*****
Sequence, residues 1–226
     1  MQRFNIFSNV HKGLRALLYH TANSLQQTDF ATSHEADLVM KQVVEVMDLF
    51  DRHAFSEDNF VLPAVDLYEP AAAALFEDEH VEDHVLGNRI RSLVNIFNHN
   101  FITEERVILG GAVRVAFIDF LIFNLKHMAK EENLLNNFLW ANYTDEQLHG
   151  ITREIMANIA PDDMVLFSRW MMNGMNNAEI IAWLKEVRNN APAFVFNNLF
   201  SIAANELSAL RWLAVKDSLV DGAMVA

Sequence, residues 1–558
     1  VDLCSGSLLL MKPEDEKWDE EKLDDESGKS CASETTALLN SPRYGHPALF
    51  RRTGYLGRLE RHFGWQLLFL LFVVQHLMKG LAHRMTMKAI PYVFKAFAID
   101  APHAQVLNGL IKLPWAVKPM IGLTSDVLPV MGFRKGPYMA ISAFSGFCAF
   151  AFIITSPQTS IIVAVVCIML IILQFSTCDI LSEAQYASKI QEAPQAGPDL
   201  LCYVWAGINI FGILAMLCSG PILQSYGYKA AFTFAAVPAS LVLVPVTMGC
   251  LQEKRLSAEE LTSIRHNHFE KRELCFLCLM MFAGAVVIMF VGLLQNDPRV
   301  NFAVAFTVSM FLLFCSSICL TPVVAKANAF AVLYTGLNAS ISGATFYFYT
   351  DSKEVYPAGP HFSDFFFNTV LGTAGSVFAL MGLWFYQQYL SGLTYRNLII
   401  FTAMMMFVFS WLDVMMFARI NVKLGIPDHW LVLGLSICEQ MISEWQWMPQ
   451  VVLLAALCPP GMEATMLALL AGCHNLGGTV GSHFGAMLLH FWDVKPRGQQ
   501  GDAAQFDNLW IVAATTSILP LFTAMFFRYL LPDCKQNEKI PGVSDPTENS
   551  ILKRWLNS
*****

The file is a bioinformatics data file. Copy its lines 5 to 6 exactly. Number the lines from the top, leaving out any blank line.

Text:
   151  ITREIMANIA PDDMVLFSRW MMNGMNNAEI IAWLKEVRNN APAFVFNNLF
   201  SIAANELSAL RWLAVKDSLV DGAMVA